18F-FDG-PET detects complete response to PD1-therapy in melanoma patients two weeks after therapy start

  • Ferdinand Seith
  • Andrea Forschner
  • Holger Schmidt
  • Christina Pfannenberg
  • Brigitte Gückel
  • Konstantin Nikolaou
  • Christian la Fougère
  • Claus Garbe
  • Nina Schwenzer
Short Communication

Abstract

Purpose

The aim of the study was to evaluate if 18F-FDG-PET has the potential to detect complete responders to PD1-therapy in patients with unresectable metastasized melanoma two weeks after therapy initiation.

Methods

Between September 2014 and May 2016, ten patients (four females; 65 ± 12 y) received a whole-body 18F-FDG-PET/MRI examination at three time points: Before therapy start (t0, base-line), two weeks (t1, study examination) and three months after treatment initiation (t2, reference standard). Therapy response was assessed with PET response criteria in solid tumors (PERCIST). Time to progression and overall survival (OS) were obtained for all patients.

Results

Three patients with partial metabolic response in PET at t1 turned out to have complete response at t2. No tumor relapse was observed in those patients so far (observation period: 265, 511 and 728 days, respectively). At t2, progressive metabolic disease (PMD) was seen in six patients from whom four showed PMD and two showed stable metabolic disease (SMD) at t1. OS in patients with PMD at t2 varied between 148 and 814 days. SMD at both t1 and t2 was seen in one patient, tumor progress was observed after 308 days.

Conclusion

Our study indicates that whole-body 18F-FDG-PET might be able to reliably identify complete responders to PD1-therapy as early as two weeks after therapy initiation in stage IV melanoma patients. This might help to shorten therapy regimes and avoid unnecessary side effects in the future.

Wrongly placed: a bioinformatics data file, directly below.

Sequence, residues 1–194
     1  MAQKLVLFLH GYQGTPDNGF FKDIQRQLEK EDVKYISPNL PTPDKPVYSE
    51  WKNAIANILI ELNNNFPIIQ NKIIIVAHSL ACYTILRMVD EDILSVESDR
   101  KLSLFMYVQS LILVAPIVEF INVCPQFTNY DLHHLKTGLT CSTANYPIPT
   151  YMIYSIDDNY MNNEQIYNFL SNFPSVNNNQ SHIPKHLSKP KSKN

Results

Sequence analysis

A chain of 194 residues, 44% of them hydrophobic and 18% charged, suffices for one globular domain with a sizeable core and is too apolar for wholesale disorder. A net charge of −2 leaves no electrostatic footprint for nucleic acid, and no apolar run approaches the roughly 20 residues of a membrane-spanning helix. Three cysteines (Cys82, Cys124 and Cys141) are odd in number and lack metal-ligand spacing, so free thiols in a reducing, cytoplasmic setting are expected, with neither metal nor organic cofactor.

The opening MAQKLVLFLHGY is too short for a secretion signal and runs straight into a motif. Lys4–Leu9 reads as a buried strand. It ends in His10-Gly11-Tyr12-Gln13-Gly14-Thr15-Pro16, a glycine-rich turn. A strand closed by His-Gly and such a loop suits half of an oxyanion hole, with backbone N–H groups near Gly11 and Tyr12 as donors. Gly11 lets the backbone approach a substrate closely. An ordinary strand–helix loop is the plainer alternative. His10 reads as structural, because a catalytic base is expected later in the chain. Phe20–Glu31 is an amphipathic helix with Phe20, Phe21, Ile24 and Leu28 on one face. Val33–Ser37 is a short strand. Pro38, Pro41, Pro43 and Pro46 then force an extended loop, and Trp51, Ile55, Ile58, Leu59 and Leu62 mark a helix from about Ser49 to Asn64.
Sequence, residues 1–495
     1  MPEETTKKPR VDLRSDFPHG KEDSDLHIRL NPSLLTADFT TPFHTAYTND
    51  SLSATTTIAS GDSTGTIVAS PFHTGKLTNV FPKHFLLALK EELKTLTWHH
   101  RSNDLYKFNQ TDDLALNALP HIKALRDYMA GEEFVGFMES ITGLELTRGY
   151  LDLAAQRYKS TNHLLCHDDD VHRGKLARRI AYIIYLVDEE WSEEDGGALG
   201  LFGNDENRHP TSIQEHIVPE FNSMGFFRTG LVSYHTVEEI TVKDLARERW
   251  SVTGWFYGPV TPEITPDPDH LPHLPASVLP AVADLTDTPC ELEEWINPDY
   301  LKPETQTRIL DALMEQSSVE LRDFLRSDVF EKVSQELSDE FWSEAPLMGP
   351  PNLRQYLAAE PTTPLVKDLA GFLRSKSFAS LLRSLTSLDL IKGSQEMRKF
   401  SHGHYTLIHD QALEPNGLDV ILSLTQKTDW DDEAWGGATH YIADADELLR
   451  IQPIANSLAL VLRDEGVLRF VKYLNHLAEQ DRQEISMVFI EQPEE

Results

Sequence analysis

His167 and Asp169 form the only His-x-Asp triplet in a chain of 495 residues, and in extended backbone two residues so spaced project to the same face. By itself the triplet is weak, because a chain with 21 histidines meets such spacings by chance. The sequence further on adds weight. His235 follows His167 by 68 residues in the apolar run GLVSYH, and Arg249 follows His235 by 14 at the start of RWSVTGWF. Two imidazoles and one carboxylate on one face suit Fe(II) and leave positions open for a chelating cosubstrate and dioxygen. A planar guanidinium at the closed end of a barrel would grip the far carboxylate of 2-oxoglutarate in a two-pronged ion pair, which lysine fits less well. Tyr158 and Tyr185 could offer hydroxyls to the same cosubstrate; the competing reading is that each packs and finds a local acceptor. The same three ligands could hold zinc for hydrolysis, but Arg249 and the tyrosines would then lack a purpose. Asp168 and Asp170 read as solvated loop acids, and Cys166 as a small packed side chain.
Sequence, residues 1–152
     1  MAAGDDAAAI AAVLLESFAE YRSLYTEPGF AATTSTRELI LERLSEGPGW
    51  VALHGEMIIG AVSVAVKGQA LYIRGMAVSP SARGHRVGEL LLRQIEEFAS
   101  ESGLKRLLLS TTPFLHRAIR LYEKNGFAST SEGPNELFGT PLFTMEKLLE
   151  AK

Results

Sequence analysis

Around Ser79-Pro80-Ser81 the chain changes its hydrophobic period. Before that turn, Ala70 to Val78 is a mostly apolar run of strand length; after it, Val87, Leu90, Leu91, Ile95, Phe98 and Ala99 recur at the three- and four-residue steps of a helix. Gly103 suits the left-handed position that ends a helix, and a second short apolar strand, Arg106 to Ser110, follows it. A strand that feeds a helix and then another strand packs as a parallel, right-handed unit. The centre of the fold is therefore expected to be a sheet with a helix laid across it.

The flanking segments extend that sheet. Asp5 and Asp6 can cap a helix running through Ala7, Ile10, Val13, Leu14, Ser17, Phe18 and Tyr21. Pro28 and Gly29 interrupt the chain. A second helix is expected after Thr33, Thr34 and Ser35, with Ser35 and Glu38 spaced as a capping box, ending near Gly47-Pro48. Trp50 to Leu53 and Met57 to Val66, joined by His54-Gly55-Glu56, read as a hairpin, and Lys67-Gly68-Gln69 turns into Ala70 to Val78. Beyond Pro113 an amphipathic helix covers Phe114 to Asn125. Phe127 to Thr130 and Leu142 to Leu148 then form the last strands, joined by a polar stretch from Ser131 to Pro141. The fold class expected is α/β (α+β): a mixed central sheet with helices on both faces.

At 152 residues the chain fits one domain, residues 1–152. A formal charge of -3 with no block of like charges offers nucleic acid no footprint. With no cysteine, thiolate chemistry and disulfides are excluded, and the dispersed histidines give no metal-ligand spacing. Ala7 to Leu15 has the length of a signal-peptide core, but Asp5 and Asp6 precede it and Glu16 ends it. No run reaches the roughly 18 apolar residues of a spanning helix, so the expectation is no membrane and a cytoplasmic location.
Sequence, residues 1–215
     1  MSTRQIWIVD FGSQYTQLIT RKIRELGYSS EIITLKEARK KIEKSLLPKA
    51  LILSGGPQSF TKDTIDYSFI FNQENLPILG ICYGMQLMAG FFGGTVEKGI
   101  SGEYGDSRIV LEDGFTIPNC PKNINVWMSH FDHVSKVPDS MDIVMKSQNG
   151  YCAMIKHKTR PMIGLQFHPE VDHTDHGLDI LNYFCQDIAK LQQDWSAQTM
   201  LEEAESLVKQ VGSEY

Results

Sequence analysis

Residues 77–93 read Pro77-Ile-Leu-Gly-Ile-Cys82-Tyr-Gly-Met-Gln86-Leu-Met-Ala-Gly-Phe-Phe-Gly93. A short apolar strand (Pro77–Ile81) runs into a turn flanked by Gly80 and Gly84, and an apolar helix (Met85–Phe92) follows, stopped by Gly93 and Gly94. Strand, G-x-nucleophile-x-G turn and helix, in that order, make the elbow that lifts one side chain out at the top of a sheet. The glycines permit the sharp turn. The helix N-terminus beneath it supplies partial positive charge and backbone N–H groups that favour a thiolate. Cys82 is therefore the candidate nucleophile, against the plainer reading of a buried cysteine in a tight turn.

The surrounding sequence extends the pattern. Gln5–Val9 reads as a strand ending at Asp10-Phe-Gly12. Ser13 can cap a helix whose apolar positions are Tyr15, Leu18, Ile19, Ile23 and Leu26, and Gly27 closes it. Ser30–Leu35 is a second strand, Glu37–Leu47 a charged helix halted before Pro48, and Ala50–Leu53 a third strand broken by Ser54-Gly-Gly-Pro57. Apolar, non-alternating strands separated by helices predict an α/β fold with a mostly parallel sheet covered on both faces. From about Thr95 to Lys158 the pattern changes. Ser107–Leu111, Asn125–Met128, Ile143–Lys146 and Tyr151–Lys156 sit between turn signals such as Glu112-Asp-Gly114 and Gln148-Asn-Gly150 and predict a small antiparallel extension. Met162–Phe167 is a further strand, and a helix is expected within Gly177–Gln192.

Keywords

18F-FDG-PET Melanoma Immunotherapy Early response assessment 

Notes

Acknowledgements

We wish to cordially thank all patients who agreed to participate in this study.

We thank Carsten Groeper, Gerd Zeger and Henriette Heners for the acquisition of images and the friendly care of patients.

Compliance with ethical standards

Conflict of interest

The authors declare that they have no conflict of interest.

Ethical approval

All procedures performed in studies involving human participants were in accordance with the ethical standards of the institutional and/or national research committee and with the 1964 Helsinki Declaration and its later amendments or comparable ethical standards. This study was approved by the local ethics committee of the University of Tuebingen (code: 251/2012BO1).

Informed consent

Informed consent was obtained from all patients included in this study.

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Copyright information

© Springer-Verlag GmbH Germany 2017

Authors and Affiliations

  • Ferdinand Seith
    • 1
  • Andrea Forschner
    • 2
  • Holger Schmidt
    • 1
  • Christina Pfannenberg
    • 1
  • Brigitte Gückel
    • 1
  • Konstantin Nikolaou
    • 1
    • 3
  • Christian la Fougère
    • 3
    • 4
  • Claus Garbe
    • 2
  • Nina Schwenzer
    • 1
  1. 1.Diagnostic and Interventional Radiology, Department of RadiologyEberhard Karls UniversityTuebingenGermany
  2. 2.Department of DermatologyEberhard Karls UniversityTuebingenGermany
  3. 3.German Cancer Consortium (DKTK)HeidelbergGermany
  4. 4.Nuclear Medicine and Clinical Molecular Imaging, Department of RadiologyEberhard Karls UniversityTuebingenGermany

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